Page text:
Implementation and analysis of mathematical models can serve as a powerful tool in understanding how intracellular processes in bacteria affect the bacterial phenotype. In this thesis I have implemented and analysed models of a number of different parts of the bacterium E. coli in order to understand these types of connections. I have also developed new tools for analysis of stochastic reaction-diffusion models.

Resistance mutations in the E. coli ribosomes make the bacteria less susceptible to treatment with the antibiotic drug erythromycin compared to bacteria carrying wildtype ribosomes. The effect is dependent on efficient drug efflux pumps. In the absence of pumps for erythromycin, there is no difference in growth between wildtype and drug target resistant bacteria. I present a model explaining this unexpected phenotype, and also give the conditions for its occurrence.

Stochastic fluctuations in gene expression in bacteria, such as E. coli, result in stochastic fluctuations in biosynthesis pathways. I have characterised the effect of stochastic fluctuations in the parallel biosynthesis pathways of amino acids. I show how the average protein synthesis rate decreases with an increasing number of fluctuating amino acid production pathways. I further show how the cell can remedy this problem by using sensitive feedback control of transcription, and by optimising its expression levels of amino acid biosynthetic enzymes.

The pole-to-pole oscillations of the Min-proteins in E. coli are required for accurate mid-cell division. The phenotype of the Min-oscillations is altered in three different mutants: filamentous cells, round cells and cells with changed membrane lipid composition. I have shown that the wildtype and mutant phenotypes can be explained using a stochastic reaction-diffusion model.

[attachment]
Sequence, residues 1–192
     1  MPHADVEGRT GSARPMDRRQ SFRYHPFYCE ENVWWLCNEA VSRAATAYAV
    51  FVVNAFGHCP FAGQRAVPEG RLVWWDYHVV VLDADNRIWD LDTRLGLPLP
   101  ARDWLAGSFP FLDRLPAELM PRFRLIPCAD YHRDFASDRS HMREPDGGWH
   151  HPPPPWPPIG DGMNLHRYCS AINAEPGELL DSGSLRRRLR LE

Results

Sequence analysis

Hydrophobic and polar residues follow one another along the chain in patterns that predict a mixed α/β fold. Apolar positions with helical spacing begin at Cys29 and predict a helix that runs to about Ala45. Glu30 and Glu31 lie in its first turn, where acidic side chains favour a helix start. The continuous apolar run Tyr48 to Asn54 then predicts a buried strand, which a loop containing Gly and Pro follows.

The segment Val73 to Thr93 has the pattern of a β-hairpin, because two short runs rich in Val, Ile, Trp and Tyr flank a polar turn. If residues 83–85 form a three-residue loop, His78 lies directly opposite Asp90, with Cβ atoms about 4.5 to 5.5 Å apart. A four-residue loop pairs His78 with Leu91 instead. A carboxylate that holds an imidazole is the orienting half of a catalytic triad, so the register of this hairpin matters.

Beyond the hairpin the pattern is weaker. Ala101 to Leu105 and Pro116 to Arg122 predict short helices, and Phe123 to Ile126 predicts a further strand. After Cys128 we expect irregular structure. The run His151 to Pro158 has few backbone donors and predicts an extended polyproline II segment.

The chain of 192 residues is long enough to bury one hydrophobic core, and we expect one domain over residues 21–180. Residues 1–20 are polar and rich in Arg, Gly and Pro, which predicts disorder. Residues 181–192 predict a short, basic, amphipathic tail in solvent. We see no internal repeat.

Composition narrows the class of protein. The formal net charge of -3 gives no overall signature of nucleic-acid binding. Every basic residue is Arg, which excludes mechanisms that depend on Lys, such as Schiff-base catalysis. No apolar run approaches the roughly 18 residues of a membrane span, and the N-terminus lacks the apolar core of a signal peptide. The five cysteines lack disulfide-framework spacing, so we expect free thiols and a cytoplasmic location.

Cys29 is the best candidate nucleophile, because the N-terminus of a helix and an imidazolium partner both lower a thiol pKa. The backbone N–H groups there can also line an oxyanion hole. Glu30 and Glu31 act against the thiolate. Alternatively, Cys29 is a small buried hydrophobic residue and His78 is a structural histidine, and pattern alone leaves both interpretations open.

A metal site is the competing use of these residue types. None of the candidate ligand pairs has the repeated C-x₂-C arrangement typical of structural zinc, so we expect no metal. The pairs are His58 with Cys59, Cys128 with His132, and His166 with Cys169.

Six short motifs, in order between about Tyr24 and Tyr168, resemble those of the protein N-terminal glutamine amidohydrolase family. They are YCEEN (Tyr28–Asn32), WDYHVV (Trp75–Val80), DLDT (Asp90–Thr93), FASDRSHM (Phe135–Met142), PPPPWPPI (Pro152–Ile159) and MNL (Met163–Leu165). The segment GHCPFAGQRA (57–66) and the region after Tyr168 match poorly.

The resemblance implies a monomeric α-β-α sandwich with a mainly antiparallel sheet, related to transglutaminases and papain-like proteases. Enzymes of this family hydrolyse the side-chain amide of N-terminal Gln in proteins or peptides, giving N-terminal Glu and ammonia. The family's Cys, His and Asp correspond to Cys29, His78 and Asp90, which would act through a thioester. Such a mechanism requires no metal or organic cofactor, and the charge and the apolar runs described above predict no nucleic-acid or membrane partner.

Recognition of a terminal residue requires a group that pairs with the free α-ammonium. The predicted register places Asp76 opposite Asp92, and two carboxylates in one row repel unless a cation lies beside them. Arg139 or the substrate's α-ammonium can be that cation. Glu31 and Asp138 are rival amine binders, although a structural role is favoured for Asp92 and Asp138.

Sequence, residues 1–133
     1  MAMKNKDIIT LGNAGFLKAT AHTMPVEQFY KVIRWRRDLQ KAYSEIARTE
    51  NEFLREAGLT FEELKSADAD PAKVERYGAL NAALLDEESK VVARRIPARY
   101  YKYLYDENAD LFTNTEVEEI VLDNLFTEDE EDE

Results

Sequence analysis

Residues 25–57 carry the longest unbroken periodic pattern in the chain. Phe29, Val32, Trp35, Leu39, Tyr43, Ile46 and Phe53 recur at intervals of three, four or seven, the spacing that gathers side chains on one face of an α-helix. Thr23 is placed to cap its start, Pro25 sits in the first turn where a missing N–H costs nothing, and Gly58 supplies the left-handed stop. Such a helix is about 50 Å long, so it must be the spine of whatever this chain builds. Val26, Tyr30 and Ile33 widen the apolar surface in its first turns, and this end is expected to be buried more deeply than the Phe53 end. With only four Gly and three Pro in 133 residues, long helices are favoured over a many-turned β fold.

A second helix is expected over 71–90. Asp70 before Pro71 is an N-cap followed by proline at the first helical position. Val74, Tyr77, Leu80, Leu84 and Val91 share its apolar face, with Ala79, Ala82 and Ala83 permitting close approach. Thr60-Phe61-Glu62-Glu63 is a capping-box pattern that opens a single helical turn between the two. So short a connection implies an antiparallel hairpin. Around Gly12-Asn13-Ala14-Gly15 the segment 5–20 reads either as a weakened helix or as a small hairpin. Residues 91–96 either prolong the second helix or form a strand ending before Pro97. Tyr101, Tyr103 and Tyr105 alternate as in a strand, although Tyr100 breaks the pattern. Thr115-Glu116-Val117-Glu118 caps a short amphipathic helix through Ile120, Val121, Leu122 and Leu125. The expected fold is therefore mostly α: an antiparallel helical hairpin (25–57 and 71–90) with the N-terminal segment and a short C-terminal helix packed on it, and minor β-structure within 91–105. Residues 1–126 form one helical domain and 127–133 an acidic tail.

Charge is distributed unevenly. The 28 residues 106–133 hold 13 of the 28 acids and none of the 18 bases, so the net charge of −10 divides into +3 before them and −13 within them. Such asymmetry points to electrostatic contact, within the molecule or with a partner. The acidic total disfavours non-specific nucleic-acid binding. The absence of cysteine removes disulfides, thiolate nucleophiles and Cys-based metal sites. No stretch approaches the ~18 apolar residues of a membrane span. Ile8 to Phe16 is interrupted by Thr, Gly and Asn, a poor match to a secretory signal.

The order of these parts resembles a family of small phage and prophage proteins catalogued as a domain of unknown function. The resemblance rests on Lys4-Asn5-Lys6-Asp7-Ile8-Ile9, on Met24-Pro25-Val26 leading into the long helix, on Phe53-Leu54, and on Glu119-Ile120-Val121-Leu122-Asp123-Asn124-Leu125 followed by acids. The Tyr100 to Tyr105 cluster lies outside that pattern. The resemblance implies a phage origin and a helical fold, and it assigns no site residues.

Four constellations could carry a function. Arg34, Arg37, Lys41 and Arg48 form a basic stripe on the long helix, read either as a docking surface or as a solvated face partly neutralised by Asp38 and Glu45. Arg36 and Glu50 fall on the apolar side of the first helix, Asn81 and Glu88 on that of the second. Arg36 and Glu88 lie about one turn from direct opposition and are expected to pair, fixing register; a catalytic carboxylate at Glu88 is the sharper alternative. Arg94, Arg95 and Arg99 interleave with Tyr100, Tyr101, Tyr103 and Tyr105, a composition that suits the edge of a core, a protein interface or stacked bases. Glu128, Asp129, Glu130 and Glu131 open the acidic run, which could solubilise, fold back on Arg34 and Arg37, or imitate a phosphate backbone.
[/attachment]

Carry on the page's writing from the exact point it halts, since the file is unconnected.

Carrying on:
In E. coli, the transcription elongation rate on the ribosmal RNA operon increases with increasing transcription initiation rate. In addition, the polymerase density varies along the ribosomal RNA operons. I present a DNA sequence dependent model that explains the transcription elongation rate speed-up, and also the density variation along the ribosomal operons. Both phenomena are explained by the RNA polymerase backtracking on the DNA.

Place, publisher, year, edition, pages
Uppsala: Acta Universitatis Upsaliensis, 2010. 57 p.
Series
Digital Comprehensive Summaries of Uppsala Dissertations from the Faculty of Science and Technology, ISSN 1651-6214 ; 785
Keyword
stochastic reaction-diffuion kinetics, antibiotic drugs, efflux pumps, amino acid biosynthesis, Min-system, rRNA operon, transcription
National Category
Biochemistry and Molecular Biology
Research subject
Biology with specialization in Molecular Biotechnology
Identifiers
urn:nbn:se:uu:diva-132864 (URN)978-91-554-7941-1 (ISBN)
Public defence
2010-12-16, B21, BMC, Husargatan 3, Uppsala, 13:00 (English)
Opponent
Supervisors
Note
Felaktigt tryckt som Digital Comprehensive Summaries of Uppsala Dissertations from the Faculty of Science and Technology 715Available from: 2010-11-24 Created: 2010-10-27 Last updated: 2011-03-21Bibliographically approved